Iraq threatens to shoot down U.S. surveillance planes
November 3, 1997
Web posted at: 3:04 p.m. EST (2004 GMT)
UNITED NATIONS (CNN) -- The U.N. Security Council
was due to meet at 5 p.m. Monday for closed door talks on how
to resolve the increasingly tense standoff with Iraq, which
has threatened to shoot down U.S. surveillance planes as part
of its ban on U.S. weapons inspectors.
U.S. ambassador to the U.N. Bill Richardson responded by
saying that "we consider that irresponsible and unacceptable,
and a direct aggressive act against the U.N."
Iraqi ambassador to the U.N. Nizar Hamdoon said in a letter
to the U.N. that Iraq expects "military aggression" against
it by the United States.
"Therefore the entry of an American spy plane into Iraq's
skies cannot be accepted. We, therefore demand you to cancel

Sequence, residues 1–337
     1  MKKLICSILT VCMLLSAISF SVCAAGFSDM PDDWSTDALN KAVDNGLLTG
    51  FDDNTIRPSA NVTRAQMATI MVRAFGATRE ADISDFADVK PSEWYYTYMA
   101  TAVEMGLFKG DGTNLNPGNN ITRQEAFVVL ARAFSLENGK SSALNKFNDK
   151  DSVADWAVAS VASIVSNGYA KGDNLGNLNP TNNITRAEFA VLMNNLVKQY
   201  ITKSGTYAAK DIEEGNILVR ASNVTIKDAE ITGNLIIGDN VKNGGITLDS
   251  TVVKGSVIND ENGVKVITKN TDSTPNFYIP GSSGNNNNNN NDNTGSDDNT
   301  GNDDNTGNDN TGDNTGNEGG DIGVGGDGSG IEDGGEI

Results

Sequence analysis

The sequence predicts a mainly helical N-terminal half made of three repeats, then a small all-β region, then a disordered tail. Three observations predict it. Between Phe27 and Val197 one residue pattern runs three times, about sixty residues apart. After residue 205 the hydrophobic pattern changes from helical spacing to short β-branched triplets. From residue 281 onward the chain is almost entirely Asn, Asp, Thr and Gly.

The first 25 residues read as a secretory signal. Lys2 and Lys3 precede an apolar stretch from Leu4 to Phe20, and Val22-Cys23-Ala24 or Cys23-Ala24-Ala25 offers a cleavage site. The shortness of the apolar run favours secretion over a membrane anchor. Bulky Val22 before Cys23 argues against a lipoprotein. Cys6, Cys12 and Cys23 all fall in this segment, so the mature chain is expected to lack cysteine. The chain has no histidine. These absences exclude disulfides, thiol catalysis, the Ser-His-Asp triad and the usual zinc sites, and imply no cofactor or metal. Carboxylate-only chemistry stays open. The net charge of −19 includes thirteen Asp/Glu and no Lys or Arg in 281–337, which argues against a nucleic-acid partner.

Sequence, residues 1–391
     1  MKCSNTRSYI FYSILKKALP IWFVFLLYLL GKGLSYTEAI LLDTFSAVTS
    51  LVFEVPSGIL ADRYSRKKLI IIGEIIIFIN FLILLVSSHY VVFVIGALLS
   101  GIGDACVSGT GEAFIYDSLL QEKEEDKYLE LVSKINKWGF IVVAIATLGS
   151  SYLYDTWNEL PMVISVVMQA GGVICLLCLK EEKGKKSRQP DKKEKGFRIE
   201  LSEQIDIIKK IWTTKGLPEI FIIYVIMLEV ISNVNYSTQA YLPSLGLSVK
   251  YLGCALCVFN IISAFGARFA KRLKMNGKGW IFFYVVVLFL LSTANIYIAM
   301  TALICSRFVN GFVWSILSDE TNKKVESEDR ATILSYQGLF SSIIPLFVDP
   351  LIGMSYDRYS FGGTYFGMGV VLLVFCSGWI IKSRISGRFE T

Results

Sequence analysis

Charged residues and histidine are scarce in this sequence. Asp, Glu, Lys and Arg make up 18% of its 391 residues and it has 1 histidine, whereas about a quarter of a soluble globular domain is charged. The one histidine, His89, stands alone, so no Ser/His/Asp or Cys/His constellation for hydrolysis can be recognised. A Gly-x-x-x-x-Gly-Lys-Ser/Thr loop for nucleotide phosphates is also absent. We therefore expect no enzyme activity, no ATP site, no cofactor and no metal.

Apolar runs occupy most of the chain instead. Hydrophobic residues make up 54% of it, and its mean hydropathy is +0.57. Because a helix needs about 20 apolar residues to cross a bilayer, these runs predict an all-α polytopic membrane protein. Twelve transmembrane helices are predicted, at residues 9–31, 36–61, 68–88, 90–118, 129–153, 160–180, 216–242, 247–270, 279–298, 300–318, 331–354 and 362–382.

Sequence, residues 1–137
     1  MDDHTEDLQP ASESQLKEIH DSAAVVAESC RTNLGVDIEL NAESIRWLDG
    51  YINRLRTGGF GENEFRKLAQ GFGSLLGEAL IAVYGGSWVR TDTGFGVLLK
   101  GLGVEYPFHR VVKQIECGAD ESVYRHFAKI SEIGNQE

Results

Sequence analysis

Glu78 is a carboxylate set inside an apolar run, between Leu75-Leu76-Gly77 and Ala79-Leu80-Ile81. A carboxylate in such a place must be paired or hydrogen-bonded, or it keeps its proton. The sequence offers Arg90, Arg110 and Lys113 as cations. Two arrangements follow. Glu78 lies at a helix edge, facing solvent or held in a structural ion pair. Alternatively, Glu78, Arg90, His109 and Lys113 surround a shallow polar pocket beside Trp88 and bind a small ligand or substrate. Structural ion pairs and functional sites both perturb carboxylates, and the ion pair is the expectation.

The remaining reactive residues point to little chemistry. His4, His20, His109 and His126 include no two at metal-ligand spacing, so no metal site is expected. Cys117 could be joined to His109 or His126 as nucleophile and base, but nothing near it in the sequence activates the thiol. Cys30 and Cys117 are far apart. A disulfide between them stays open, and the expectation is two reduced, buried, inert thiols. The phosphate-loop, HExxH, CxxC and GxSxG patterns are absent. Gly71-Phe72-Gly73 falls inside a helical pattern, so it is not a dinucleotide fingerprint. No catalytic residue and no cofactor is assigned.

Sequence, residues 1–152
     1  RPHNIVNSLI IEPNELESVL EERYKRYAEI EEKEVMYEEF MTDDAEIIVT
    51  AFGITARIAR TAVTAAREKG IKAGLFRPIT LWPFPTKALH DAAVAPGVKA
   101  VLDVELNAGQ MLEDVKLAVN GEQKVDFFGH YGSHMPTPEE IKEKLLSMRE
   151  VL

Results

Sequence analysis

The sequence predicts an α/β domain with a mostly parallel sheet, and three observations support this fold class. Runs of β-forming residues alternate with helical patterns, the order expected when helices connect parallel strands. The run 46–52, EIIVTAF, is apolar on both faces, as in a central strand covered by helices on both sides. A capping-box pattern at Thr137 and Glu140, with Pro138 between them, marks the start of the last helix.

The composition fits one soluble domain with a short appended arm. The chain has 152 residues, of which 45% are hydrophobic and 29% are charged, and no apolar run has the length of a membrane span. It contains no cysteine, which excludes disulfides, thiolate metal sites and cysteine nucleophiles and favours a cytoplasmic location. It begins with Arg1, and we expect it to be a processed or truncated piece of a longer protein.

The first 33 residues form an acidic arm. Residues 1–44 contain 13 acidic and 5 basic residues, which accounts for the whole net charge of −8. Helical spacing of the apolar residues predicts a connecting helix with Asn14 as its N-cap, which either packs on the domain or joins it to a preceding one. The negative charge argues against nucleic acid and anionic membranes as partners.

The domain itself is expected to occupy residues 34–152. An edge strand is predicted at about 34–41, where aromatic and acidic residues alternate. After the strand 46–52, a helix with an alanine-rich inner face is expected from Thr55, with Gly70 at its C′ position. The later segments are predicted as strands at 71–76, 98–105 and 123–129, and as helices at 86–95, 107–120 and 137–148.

the U-2 flights scheduled for November 5 and 7, 1997," the
||U.S. Ambassador to the U.N. Bill Richardson describes Iraq's
298K/27 sec. AIFF or WAV sound
The U-2 reconnaissance planes fly at an altitude of about
60,000 feet, within range of Iraqi missiles. The next
scheduled flyover is set for Thursday. The U.S. military was
reportedly considering whether to send up fighter planes to
protect the U-2 aircraft.
"The U.N. Security Council should be prepared to take firm
action to bring about Iraqi compliance in the event they
don't change their mind in the next day or so," U.S. State
Department spokesman James Rubin said in a briefing.
"Saddam Hussein should change his mind and allow the U.N. to
do its job," Rubin said.
A L S O :
team heads for Baghdad
Iraq says the surveillance missions serve U.S. intelligence,
and Baghdad has repeatedly called for the U-2 flights to be
halted. Iraq repeated that demand on Wednesday, when it
ordered all U.S. members serving on U.N. weapons inspections
teams to leave the country within a week.
The United States has 20,000 troops, 200 planes and 17 ships
in the region.
U.N. Correspondent Richard Roth and Military Affairs Correspondent Jamie McIntyre contributed to this report.